Some valuable advice about standardized college testing

After many years of having taught SAT and ACT prep to students in classes and/or individually, here is the valuable advice which I have for both students and parents.

Step 1: The PSAT

Most students start their college prep standardized testing experience with the PSAT.
This test is always administered in October.
It is strictly a practice test-PSAT scores are not sent to colleges-
and also acts as a promotional tool for the Educational Testing Service which markets the SAT.

The PSAT is given to 11th graders.
Many schools are also now offering it to 10th graders as well.
Should you take the PSAT? Yes.

What about if it’s offered in both grades at your school? Yes, again.
There’s no such thing as too much practice.

The PSAT given to 11th graders also acts as a qualifying test for high achieving students whose scores may make them eligible for National Merit Scholarships.
Applying for these scholarships is a rather arduous process and only about 8000 students nationally will actually receive scholarship money.
Do some research if you think you might qualify.

Step 2: The SAT/ACT

The majority of students will take the SAT or ACT in the second half of their junior year.

You may start taking these tests sooner if you want additional experience with standardized testing. You may also take the tests as often and as many times as you wish.

The SAT is given in October, November, December, January, March, May and June
The ACT is given in September, October, December, February, April and June.

First and foremost, test taking at this level must be thought of as a process-not a series of independent events.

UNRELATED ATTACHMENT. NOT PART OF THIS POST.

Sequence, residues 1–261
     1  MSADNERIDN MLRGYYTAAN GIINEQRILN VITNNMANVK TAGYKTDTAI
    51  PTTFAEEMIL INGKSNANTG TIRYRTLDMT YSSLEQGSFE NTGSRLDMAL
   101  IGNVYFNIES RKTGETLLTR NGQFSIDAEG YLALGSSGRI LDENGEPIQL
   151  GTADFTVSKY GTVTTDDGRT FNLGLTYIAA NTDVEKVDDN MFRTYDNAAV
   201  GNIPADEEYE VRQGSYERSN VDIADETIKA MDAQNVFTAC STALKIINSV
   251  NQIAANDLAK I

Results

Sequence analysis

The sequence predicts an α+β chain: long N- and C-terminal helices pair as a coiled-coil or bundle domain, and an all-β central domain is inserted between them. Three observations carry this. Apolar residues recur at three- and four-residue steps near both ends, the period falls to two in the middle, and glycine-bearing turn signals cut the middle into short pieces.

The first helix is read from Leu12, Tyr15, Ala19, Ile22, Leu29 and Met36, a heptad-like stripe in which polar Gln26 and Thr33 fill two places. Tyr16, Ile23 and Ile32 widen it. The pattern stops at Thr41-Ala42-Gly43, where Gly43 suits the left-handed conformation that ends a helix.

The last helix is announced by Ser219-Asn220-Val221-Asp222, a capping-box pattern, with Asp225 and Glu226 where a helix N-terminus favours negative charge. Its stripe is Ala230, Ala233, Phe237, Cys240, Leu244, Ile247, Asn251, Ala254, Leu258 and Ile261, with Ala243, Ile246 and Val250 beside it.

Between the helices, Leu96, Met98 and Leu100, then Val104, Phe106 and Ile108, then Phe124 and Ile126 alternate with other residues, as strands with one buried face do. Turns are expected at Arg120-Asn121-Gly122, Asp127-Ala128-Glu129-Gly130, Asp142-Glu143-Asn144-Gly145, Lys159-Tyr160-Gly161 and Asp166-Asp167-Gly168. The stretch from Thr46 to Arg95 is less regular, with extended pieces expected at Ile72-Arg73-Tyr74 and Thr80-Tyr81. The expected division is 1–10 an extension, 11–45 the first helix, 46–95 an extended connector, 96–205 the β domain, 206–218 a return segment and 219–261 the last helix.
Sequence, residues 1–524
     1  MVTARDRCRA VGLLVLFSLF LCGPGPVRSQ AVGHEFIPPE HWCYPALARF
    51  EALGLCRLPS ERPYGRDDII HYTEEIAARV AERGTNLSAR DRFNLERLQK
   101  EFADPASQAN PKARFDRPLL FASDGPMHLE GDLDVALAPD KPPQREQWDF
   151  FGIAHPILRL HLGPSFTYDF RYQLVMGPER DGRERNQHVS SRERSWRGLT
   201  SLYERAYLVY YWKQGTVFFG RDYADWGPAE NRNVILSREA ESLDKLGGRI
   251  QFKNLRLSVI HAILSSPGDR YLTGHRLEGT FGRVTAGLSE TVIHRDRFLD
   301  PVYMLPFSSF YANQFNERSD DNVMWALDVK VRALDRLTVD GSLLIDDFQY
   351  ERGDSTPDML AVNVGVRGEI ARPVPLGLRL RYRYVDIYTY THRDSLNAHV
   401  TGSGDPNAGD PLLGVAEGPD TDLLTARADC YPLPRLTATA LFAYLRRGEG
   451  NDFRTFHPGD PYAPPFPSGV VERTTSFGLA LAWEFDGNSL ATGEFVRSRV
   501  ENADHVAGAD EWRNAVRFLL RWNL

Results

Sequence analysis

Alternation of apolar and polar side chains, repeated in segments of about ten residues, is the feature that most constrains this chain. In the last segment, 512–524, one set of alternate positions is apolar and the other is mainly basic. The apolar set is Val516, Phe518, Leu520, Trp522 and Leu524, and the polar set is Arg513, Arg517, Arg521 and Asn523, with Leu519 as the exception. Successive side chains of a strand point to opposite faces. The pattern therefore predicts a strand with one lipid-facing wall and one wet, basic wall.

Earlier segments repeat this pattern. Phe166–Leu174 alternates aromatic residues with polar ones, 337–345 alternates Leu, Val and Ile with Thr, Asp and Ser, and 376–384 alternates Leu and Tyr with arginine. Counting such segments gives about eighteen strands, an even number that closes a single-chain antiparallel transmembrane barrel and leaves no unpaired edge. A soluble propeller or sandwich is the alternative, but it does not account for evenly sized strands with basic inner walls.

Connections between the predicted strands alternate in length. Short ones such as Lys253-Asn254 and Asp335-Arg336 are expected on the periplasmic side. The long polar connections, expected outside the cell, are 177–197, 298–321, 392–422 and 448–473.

Which test you take is a matter of personal preference.

Colleges will accept scores from either or both tests.

There is no penalty for repeated test taking.

You do not have to submit your score to colleges every time you take one of these tests.

Do some research about how these tests differ. Rely on teachers and guidance counselors for advice.
Or take both tests before deciding on which test you’ll actually concentrate on.

Students taking the SAT in January or the ACT in February should make sure that math classes in their schools will have covered the skills that will be tested on these “earlier” tests.

For juniors interested in the SAT, I would suggest taking the test in January, March and May.

The SAT has available a special feedback service for the January and May tests called the Question and Answer Service. It provides you with a good amount of feedback regarding your performance . With this information, you can identify areas of weakness and act to strengthen them before retaking the test later in the junior year or in the Fall of the senior year.

This is what I mean when I say that test taking at this level needs to be thought of as a process.

Here’s how it should work:

Take the test. SAT and/or ACT
Get the feedback. Q & A Service and/or TIR Service
Identify weaknesses.
Strengthen weaknesses.
Take the test again.
Rinse and repeat.

The March SAT offers the Student Answer Service. It’s not as thorough as the Q & A Service but it’s better than nothing.

For students interested in the ACT, I would suggest taking the test in December, April and June.
The ACT offers the TIR (Test Information Release) for these three test dates.
The TIR Service is to the ACT what the Q & A Service is to the SAT.

Last, but not least, Seniors should participate in Fall testing.

Those who favor the SAT should take the test in October and may wish to also take it again in November-the November test is usually not too late for students applying for Early Action or Early Decision but best to check with colleges to be sure.

Those who favor the ACT should take it in September and may wish to take it again in October.